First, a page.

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My F250 battery is dying when using my Blizzard Plow - PLEASE help

Discussion in 'Blizzard Plows Discussion' started by AKPlower, Nov 17, 2009.

  1. AKPlower

    AKPlower Junior Member
    Messages: 3

    Hello All,

    I am new to this site and forum but I think I have hopefully found a great resource for information here at this site and in all of you and I am in need of some help.

    I am not a terribly experienced snow plower yet with only a few seasons under my belt and I am even a less experienced mechanic but I am open and willing to learn as best I can.

    I have a Blizzard 86110LP plow which this later summer we took off of a 1996 GMC3500 that finally died and I someone put it on a 1988/89 Ford F250 that is actually in much better shape than the 96 GMC was.

    What seems to be happening is that when operating the plow it is severly taxing the electrical system and drawing down the battery to such an extent that it is actually making the truck just die / stall and then there is not enough power left to either move the blade nor restart the engine.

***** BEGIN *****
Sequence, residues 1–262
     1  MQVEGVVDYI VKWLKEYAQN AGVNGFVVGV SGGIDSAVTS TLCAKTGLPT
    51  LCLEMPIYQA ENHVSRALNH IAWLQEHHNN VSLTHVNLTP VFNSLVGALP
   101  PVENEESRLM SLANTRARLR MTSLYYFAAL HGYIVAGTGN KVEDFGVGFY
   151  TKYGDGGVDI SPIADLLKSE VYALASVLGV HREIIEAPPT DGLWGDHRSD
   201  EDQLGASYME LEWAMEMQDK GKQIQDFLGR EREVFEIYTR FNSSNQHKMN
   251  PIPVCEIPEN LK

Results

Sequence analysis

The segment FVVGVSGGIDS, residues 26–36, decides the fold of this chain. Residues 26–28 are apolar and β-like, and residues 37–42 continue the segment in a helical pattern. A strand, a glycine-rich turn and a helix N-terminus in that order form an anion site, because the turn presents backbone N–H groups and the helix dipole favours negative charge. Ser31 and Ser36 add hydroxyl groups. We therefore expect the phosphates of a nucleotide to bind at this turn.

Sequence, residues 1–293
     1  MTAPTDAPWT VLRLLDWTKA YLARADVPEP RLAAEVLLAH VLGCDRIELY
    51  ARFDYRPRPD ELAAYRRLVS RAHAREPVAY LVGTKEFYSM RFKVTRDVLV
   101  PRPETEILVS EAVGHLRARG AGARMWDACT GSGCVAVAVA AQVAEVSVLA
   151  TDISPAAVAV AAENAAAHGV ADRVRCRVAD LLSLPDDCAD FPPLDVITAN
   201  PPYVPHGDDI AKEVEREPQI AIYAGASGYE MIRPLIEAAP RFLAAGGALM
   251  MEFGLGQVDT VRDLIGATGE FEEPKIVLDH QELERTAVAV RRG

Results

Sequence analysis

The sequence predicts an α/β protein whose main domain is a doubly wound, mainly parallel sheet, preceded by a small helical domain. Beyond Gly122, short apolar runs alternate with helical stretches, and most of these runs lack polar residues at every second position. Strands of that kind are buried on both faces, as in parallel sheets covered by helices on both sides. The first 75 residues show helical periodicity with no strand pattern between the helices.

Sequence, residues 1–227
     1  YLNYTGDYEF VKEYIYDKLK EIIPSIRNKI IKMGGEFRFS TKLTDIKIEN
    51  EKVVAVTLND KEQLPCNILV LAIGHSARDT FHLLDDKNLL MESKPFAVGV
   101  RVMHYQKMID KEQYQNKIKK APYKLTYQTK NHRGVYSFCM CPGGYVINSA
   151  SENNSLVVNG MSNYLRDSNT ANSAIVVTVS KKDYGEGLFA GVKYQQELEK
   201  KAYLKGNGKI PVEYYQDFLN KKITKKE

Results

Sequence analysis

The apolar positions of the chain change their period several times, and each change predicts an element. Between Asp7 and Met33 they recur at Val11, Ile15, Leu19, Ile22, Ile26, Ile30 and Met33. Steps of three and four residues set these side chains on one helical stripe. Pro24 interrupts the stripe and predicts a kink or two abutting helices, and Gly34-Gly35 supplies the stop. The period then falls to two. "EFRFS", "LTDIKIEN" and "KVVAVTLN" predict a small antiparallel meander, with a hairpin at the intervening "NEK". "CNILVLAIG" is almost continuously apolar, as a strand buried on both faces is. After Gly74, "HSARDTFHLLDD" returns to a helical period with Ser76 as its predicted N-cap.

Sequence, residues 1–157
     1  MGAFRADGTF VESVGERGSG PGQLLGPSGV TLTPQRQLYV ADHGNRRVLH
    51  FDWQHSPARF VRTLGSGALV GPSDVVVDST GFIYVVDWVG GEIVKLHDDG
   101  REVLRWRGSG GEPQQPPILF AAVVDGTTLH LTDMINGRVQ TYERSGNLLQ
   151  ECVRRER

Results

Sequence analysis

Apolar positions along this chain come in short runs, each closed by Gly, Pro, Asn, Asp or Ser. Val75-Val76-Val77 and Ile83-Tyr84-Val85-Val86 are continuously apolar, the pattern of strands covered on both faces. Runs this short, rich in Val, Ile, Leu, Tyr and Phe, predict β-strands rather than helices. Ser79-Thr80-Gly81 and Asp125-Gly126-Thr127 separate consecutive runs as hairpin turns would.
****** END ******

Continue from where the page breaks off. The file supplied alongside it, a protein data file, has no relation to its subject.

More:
It does seem that if the blade can be set in a position and then the control box inside the truck cab is shut off and the plow is driven/used in a long straight stretch of road it recharges enough to move or reposition the plow but in short stretches, like plowing a driveway, it just seems to draw som much power that it stalls the engine out.

    There was a double battery system in the 96 GMC but only a single battery in the Ford.

    I am hoping that some of you can shed some light on this problem for me and how I might be able to correct this as right now I have a hellva lot of snow outside that I need to move but can't do so without fear of the truck stalling out - and more than likely that would / will happen again in a place where it's hard for me to get another vehicle there to jump the plow truck.

    Thank you in advance for any thoughts and/or help you might be willing to share.

  2. Blazerboy

    Blazerboy Junior Member
    Messages: 21

    Had the same problem with my second plow when I put it on, go get a new battery with more amps or a dual setup. I haven't had a problem since.
  3. AKPlower